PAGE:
M@TT

Kbs Diamond Finish

91 posts in this topic

I dip my lures in DN and the way I add glitter is to first mix up some Etex and add the glitter to the Etex. I then brush the glitter/Etex mix onto the bait. The thing I like about doing it this way is that the Etex remains fluid long enough that I can take a brush and move the glitter around to make sure it's evenly spread. The lure is then placed on the turner and the Etex is allowed to dry. Then I dip it in DN. This does add an extra step and increases the overall amount of time spent on the lures, but I feel it's worth it to get the kind of finish I'm looking for and I'm not having the kind of problems you described.

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Still got those @#$@! bubbles in the last little drip spot on the bottom of the lure and inside the eyes. Several of the bubbles in the eyes were as big as the eye...covered the whole depth of the eye. I really dislike this stuff due to the bubbles in those thicker spots. That's the biggest drawback I've seen so far. One stupid little issue..

Matty et all

I threw a few racks together today of micro scuttlebuggers and shot them with all different colors. These two racks represent a new way of doing things here, dip seal, dip primer, spray and dip clear. Up until this point I've always dip sealed then sprayed from there out so this is something a bit different. I wanted to see how much faster adding as many dips as possible was compared to spraying. Much faster.

Last time I dipped a bunch of stuff and sealed the can with saran wrap. So I open up my KBS and IT'S HARD AS A ROCK...

LOL not. It was just fine. I dipped 50 lures. Some drawbacks to this stuff. It creeps.... If you dip you can't sprinkle any glitter on the lure...it creeps no matter how long you wait in the first 20 min or so. So it takes an extra step...STEPS....because I went back twice in the course of an hour and a half and found little beads on the bottom of the lure which had to be wiped off with a brush. The first time was about 20 minutes after they dipped and dripped...the second time was surprising because there didn't look like there was any more to drip. So you have to dip, let it sit for a long while, then go back and sprinkle glitter on them if that's what you do. Time consuming...

Also the second time I went back to check them, when I wiped them with the brush I got thick stringy clear coming off the end of the lure where the brush touched...it's very touchy you have to hit the stuff at just the right time.

Anyways I wanted to see how the stuff worked out with some freshwater lures going to some shops. It has a bunch of drawbacks but I do love the clarity and look of the lures with it on.

Resealed the can with bloxygen and saran again also...had to clean the lid off with pliers there was a bunch of dried gook on there even though I had wiped it pretty good before.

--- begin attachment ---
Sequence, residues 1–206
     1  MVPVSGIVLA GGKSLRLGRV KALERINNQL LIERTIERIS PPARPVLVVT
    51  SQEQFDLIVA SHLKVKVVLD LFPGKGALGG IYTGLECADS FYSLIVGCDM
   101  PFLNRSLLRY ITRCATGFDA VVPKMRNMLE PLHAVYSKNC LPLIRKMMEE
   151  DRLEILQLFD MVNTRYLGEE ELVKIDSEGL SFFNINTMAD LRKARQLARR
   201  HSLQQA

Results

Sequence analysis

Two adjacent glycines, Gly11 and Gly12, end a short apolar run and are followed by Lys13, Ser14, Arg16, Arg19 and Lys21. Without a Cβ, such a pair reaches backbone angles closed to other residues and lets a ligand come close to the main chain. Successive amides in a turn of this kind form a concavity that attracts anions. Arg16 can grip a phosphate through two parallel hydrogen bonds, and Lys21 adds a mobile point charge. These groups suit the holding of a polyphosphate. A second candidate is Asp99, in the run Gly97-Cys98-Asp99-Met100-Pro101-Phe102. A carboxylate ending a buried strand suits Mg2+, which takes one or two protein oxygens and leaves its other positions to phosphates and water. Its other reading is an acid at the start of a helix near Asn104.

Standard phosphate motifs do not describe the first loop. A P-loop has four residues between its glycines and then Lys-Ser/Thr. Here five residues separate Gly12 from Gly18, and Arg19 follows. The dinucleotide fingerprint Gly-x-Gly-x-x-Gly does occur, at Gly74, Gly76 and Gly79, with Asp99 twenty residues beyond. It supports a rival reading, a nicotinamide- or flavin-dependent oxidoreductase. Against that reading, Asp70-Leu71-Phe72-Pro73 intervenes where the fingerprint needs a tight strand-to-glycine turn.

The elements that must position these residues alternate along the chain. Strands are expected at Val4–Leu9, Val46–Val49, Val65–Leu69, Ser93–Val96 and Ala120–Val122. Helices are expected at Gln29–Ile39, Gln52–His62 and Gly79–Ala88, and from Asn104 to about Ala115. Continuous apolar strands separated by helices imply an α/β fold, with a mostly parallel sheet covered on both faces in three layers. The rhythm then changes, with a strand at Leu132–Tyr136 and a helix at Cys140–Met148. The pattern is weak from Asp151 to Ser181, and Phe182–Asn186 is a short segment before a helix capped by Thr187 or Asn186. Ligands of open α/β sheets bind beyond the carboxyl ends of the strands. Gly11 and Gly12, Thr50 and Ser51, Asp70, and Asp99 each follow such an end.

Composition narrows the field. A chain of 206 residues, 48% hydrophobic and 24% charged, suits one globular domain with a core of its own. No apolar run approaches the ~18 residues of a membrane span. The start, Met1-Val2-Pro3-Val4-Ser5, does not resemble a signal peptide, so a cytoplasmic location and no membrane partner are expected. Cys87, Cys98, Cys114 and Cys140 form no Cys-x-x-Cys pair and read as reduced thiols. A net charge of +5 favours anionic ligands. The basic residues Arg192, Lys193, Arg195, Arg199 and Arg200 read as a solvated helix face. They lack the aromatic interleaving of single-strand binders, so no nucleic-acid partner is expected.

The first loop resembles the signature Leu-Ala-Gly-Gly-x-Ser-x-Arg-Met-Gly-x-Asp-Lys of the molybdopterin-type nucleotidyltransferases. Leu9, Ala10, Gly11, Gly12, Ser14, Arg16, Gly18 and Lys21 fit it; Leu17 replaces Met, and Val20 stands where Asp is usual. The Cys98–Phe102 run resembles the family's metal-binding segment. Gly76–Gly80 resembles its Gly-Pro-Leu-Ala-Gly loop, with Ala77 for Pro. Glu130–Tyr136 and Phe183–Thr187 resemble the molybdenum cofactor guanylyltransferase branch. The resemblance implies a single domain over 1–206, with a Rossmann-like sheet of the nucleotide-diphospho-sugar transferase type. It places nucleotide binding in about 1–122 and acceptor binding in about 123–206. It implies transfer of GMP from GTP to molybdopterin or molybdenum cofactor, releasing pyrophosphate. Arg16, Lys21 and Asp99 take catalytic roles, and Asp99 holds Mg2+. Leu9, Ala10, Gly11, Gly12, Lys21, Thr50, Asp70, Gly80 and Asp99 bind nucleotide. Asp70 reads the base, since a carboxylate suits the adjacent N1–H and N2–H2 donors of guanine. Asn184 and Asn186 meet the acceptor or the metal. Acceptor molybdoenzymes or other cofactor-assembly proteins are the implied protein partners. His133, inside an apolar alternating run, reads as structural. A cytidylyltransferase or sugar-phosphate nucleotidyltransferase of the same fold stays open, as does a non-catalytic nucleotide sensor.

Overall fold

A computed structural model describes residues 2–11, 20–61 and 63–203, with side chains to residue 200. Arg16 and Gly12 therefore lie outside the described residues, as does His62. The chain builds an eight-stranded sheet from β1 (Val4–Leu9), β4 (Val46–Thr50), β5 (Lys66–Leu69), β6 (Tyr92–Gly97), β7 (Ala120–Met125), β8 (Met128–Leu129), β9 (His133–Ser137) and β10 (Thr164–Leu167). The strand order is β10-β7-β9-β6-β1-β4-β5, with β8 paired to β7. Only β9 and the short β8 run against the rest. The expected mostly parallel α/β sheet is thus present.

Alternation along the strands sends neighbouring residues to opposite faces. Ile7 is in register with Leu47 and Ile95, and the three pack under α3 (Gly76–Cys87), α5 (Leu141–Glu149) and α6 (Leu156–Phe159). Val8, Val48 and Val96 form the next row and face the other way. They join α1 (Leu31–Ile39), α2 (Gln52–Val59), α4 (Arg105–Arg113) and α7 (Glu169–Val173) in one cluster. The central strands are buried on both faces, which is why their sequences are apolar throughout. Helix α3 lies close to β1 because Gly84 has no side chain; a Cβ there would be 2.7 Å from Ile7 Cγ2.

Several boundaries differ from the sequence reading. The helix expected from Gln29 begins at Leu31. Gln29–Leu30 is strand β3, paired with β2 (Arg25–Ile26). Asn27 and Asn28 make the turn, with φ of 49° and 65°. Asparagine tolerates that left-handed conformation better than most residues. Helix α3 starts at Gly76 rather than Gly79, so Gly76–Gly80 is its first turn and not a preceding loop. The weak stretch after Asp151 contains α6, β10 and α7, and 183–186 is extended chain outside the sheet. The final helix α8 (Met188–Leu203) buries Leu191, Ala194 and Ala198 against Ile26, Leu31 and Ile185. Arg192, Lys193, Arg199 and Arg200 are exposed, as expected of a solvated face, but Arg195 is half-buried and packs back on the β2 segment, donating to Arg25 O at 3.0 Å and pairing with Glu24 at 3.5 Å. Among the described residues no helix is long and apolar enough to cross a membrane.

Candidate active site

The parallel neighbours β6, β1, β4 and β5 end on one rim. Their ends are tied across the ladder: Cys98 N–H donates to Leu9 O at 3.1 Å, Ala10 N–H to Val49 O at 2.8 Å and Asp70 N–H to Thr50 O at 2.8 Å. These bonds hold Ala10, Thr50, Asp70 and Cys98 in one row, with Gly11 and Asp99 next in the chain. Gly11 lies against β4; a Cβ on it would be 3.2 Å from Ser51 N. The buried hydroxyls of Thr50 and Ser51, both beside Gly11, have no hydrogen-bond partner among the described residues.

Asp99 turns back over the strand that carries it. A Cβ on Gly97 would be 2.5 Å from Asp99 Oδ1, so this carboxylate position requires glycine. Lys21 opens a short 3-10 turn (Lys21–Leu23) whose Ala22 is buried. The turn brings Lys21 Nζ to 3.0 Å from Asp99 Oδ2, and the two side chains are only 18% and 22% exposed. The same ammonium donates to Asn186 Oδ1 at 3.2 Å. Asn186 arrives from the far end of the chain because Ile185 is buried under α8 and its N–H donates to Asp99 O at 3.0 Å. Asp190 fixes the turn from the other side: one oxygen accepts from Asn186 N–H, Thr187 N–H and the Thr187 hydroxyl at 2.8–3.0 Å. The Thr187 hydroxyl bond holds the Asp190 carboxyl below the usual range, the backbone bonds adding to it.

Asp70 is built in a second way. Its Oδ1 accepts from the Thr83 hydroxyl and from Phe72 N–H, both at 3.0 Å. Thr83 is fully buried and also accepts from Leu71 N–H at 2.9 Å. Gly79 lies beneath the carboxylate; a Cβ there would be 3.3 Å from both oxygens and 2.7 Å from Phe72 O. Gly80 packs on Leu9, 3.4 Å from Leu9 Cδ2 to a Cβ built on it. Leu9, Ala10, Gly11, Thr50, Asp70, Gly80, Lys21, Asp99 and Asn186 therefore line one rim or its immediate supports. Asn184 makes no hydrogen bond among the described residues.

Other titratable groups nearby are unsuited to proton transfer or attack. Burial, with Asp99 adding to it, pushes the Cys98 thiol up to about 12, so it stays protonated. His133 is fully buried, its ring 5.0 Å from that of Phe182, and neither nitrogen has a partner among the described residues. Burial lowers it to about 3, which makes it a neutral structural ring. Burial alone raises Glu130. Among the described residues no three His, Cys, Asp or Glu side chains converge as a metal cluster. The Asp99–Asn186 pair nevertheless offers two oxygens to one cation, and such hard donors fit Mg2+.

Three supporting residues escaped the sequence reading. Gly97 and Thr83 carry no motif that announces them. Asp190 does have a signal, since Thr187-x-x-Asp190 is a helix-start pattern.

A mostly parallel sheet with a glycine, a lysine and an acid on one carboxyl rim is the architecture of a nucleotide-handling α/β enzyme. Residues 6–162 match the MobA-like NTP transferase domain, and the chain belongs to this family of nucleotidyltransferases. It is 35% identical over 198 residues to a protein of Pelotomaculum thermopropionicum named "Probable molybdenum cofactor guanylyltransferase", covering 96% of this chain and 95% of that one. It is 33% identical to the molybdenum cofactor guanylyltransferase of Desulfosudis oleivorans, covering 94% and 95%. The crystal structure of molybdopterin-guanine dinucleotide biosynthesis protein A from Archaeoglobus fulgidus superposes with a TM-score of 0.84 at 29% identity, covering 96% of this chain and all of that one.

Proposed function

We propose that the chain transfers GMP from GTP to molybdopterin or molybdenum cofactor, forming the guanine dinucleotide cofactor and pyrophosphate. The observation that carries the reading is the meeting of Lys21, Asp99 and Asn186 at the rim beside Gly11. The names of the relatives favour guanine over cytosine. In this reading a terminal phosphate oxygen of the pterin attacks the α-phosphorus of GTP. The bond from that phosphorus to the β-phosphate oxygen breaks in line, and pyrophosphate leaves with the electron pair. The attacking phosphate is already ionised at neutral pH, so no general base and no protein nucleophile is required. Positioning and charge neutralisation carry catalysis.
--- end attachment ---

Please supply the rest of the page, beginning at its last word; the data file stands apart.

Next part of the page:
See how it works on the next batch I plan on spraying it to see how it works out.

Attaching a couple of pics to show how the stuff looks close up. Camera isn't that good. post-11475-090127300 1282598828_thumb.jpgpost-11475-085072800 1282598874_thumb.jpg

Edited by saltybugger

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Still got those @#$@! bubbles in the last little drip spot on the bottom of the lure and inside the eyes. Several of the bubbles in the eyes were as big as the eye...covered the whole depth of the eye. I really dislike this stuff due to the bubbles in those thicker spots. That's the biggest drawback I've seen so far. One stupid little issue..

I couldn't really tell from the pics, but are you dipping the lures before adding the hook hangers? The reason I ask is that when I hang my baits the clear coat flows out to the end of the hook hanger before dripping off and this leaves a nice smooth finish on the lure itself. Any cleanup that needs to be done is just a matter of cleaning the metal hook hanger. If you didn't want to install the hardware before dipping you might try inserting a small diameter screw where the hardware goes and allow the top coat to flow out onto it. Just a thought.

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I sell alot on ebay and finish many many baits. I normally brush 1 coat of DN. Then finish with one coat of ETEX and havent had any issues with this system. Just got my pint of KBS and brushed 6 baits. I really like how it flows while brushing but I do have the bubbles everyone is talking about. The baits are completely dry I painted them 2 days ago with watercolors. They are completeing the drying process now and I will apply a second coat here in a little while and I will post the final results. :)

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Hung by the tails is the only way to do these because they use #2 screws to hold the bib in. I found that you can hang them with a #10 cup hook and just softly insert it in the tail hole. The drip is on the top of the lure right at the point that it meets the bib because that's the lowest part when it hangs. Wish they could be flipped I already said that to myself.

I couldn't really tell from the pics, but are you dipping the lures before adding the hook hangers? The reason I ask is that when I hang my baits the clear coat flows out to the end of the hook hanger before dripping off and this leaves a nice smooth finish on the lure itself. Any cleanup that needs to be done is just a matter of cleaning the metal hook hanger. If you didn't want to install the hardware before dipping you might try inserting a small diameter screw where the hardware goes and allow the top coat to flow out onto it. Just a thought.